‘Vanishing Point’ is a magic show with a difference, precisely because of Kevin’s solid scientific background. The wow factor starts with an impressive life-size harmonic pendulum that he made himself.  Kevin has a kind, friendly and comedic presence which means the selected audience members are more than comfortable to get up on stage and join in with his dazzling array of tricks. With what seems to be a very strong theme in this year’s Fringe, the show is about the power of invisible forces. It’s also a wry and urgent comment on our attention spans, distraction techniques and what influences us to give up our power and time to the internet giants. Apt then, that he uses a well-read book about the Bermuda triangle for some of his mind-bending illusions.

I don’t want to give too much away and spoil the fun. My fourteen year old and I greatly enjoyed the hour, and we are still trying to figure out how he might have managed to dupe us with his clever variety of magic. It’s a fun, family-friendly show that feels like a special night out, in a comfortable hall with great acoustics. Expect some good old fashioned tricks with a twist and breathtakingly curious illusions, leading to a spectacularly nail-biting finale, which wowed the crowd. Go along and be prepared to be dazzled; the 2018 winner of Best Magic Show at the Adelaide Fringe might well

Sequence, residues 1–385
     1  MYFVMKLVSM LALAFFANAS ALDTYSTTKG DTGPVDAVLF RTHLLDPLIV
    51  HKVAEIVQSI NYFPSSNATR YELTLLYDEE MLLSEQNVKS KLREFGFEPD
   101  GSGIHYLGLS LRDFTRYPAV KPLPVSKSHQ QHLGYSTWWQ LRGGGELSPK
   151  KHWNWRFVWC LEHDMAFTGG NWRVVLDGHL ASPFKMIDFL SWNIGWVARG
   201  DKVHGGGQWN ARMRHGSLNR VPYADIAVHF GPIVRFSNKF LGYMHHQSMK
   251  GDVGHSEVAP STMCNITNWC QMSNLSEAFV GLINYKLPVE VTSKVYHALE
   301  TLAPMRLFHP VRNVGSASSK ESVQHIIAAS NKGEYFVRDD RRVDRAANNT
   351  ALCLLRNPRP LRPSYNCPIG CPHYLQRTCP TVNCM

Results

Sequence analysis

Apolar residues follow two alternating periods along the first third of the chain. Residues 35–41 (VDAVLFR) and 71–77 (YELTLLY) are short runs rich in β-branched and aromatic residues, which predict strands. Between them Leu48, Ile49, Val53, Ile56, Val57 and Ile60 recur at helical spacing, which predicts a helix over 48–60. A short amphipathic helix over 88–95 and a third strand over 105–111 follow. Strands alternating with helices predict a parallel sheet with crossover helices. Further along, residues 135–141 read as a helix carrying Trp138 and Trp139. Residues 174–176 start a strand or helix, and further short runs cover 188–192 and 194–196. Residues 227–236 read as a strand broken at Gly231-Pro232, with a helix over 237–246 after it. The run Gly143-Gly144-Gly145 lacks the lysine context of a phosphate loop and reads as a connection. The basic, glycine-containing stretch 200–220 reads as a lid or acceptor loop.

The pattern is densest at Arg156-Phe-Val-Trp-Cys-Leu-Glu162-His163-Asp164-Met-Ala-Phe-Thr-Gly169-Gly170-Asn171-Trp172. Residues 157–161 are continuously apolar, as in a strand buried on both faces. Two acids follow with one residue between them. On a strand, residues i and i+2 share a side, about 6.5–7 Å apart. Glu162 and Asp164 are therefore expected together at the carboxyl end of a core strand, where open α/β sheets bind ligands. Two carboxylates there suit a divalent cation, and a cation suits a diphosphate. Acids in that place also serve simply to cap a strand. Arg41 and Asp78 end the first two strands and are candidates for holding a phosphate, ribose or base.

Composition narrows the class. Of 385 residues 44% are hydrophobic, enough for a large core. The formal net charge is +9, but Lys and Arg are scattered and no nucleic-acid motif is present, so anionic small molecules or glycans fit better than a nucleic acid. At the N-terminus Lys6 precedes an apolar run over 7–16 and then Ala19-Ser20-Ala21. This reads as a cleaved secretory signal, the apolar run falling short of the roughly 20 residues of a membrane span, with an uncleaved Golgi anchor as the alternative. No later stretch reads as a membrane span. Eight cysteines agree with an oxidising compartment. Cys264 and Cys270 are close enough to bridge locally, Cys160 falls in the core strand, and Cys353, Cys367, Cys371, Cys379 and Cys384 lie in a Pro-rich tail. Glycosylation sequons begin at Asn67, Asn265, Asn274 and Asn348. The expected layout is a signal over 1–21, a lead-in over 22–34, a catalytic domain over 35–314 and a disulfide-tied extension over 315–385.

Lisa Williams


Rosie Sings! Facts About Love


Fingers Piano Bar
4th – 28th August (16.20)

After last night’s musical Hip-Hop adventure at Sketchy Beats it was 5am this Morning that my head hit the pillow. I was home by 2am, but couldnae stop writing. I awoke with sun streaming through my window, &  with a smile knowing that today Divine would have the opportunity to take in the mesmerising beauty of “Rosie Sings”. It was a beautiful Saturday as I strolled into town. The city was heaving with smiling faces, even the beggars were doing a roaring trade. Everyone was happy. The Sun did indeed have its hat on. So I hurried my pace coz I didnae want to miss my date to see Rosie perform. Its been a year since her beauty graced my life. Last year’s show was one of Divine’s 5 Star recommendations. So I was eager to see just how the show had matured.

I entered the venue to the songs of Duffy and Amy Winehouse. This put me in the mood immediately. I love them both and was happily singing along with my pint of water, with ice and lemon. Rosie walked on stage and my heart melted. Her blond ringlets complimenting her beautiful face, beautiful teeth and smile. Her lovely white and flowery dress and diamante Heels. Her beautiful singing voice. It is only when she speaks that the true Rosie comes to life. This girl loves sex, avoids alcoholics, but is ok with ketamine. A packed Fingers Cellar Bar, instantly warmed to Rosie’s enlightening comedy and genuinely hilarious tales.